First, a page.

The University of Texas at Dallas

Erik Jonsson School of Engineering and Computer Science


Teams Win Top Spots at Regional Computing Competition

Teams Win Top Spots at Regional Computing Competition

Recently, three UT Dallas Competitive Programming Teams participated in the Association for Computing Machinery’s (ACM) Regional Intercollegiate Programming Contest (ICPC). Out of 73 teams hailing from Texas, Oklahoma and Louisiana, each UT Dallas team placed in the top ten. The teams took second, sixth, and seventh.

Competitive Programming Team
Dr. Page (left) with UT Dallas Competitive Programming Team members.

The second-place team consisted of senior Darrin Wiley, senior Terrence Park and sophomore Walter Han, all computer science majors in the Erik Jonsson School of Engineering and Computer Science.

The UT Dallas Competitive programming teams have been competing in the ACM ICPC every year since 2001. Computer science professor Dr. Ivor Page is the longtime coach for the UT Dallas Competitive Programming Team. During each fall semester, Page holds biweekly programming contests in order to prepare students for the upcoming Regional Contest.

“Dr. Page is a great teacher,” Darrin Wiley said. “He’s really good about guiding us toward what we should learn in terms of coding, but also making us aware of the team dynamics – the competitions are also about problem distribution and time management.”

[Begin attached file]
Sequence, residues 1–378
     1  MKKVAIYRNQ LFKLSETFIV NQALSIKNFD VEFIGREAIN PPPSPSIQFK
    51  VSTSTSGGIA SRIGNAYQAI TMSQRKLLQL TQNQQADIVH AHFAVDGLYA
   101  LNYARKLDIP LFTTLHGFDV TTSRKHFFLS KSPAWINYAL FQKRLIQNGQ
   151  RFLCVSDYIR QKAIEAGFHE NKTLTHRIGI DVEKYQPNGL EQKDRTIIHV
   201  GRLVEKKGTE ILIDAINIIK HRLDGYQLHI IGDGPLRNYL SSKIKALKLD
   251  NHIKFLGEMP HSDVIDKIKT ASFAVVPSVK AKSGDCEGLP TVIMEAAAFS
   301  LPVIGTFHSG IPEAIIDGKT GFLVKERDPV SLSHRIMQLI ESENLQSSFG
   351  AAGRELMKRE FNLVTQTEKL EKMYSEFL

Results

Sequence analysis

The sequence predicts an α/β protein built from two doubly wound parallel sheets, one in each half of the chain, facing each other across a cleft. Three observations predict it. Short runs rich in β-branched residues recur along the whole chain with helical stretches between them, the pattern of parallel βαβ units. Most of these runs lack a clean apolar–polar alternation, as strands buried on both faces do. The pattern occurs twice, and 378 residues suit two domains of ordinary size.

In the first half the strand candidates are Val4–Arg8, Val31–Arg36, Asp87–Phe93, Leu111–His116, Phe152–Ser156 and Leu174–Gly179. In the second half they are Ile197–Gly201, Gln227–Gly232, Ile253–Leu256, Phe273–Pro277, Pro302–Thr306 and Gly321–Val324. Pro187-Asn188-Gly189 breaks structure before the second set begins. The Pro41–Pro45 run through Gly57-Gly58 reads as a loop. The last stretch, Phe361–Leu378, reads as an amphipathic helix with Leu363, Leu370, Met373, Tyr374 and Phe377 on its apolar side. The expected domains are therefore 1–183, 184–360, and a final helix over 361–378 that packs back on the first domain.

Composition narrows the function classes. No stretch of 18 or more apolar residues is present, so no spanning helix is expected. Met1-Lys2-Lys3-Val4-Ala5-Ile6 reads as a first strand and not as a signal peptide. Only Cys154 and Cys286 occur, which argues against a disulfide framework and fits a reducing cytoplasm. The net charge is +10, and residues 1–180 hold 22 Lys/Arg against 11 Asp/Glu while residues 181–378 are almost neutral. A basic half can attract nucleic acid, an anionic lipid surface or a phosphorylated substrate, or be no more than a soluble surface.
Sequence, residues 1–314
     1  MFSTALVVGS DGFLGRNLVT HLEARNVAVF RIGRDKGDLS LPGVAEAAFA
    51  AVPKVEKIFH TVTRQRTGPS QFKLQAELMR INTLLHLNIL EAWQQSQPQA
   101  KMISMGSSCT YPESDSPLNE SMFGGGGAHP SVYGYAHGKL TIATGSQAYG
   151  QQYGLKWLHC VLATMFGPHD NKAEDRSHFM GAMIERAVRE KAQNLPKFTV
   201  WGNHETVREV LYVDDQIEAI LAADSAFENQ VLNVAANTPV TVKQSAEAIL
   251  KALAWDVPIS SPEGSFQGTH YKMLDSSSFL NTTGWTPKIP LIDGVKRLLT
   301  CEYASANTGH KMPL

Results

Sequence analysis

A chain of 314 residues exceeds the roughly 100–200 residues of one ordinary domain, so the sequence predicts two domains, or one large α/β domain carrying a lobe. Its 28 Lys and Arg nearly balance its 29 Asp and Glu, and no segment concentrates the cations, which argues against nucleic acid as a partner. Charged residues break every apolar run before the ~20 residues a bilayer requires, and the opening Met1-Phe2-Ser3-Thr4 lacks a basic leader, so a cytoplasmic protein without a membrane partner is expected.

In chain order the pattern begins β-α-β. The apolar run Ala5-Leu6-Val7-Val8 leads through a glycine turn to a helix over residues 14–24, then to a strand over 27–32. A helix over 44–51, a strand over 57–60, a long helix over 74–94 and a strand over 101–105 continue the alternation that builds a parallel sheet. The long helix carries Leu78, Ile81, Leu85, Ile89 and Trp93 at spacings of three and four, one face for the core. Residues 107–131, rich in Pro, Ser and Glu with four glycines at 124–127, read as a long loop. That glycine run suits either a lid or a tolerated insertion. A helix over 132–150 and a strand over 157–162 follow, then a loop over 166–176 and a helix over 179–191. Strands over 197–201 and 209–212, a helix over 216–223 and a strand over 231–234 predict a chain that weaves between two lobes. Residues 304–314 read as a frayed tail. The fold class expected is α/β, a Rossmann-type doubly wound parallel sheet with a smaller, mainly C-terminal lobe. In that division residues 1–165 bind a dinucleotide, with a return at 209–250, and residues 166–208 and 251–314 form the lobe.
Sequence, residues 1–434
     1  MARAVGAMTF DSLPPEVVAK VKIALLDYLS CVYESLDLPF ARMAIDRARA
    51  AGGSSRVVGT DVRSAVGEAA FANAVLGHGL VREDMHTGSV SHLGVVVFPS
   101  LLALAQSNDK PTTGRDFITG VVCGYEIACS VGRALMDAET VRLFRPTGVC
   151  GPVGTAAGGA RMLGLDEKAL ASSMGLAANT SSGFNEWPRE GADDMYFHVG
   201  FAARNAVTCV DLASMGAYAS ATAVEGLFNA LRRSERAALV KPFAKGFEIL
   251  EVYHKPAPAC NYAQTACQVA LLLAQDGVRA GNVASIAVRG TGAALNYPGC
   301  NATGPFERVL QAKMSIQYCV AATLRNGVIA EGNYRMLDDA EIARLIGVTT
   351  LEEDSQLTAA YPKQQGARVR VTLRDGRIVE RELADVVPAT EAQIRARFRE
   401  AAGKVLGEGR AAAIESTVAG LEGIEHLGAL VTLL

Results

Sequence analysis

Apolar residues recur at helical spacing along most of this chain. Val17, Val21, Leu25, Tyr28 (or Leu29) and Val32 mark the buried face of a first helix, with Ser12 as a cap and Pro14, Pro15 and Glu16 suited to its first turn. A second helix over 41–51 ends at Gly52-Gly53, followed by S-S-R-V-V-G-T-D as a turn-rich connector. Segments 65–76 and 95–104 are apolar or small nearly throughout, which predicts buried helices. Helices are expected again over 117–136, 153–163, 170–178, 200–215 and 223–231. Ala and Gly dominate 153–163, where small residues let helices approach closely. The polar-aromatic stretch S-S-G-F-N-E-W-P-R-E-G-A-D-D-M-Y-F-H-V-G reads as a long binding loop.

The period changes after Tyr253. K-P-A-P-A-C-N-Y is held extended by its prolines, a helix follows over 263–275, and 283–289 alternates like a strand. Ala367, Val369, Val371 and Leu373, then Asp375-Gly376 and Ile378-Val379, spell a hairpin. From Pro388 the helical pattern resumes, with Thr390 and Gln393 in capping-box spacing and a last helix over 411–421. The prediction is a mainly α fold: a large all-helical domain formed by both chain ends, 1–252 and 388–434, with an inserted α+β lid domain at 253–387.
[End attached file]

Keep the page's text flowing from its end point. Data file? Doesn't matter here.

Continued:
The competitions present real-life situations, a narrative, which requires teams to make a program that produces dynamic solutions – or a system that will find the correct solution regardless of the parameters or input.

“Think about solving for the length of one side of a triangle when you have two sides given,” Wiley added. “We aren’t trying to find the answer, exactly, rather we want to create an equation that will give us the right answer regardless of the measurements given. That’s what we do in the competitions, but with code.”

Wiley said that the reason he came to UT Dallas was for the competitive programming team. He competed in similar events during his time at Cypress Woods High School near Houston and wanted to continue in college.

“Our second-place team is actually composed of Cypress-area students. Walter and I went to high school together, and Terrance is from our rival school in the area. Terrance and I competed against each other in high school,” Wiley said.

Wiley will compete in one last event next year, and he hopes to take the top prize. 

Page said he can only remember one better performance in the past. In 2006, UT Dallas won the Regional Contest, and were subsequently invited to take part in the World Finals Contest to be held in Tokyo in March 2007.

“The team practiced arduously during the entire spring semester, solving previous World Finals problems,” Page said. “The UT Dallas team had come 14th in the world, third among US teams. It was a glorious moment, one that brought tears to my eyes.”

Regardless if the UT Dallas team makes it to the finals next year, Wiley said he has a lifetime of competitions ahead. He hopes to teach at either the high school or collegiate level and lead a team of his own.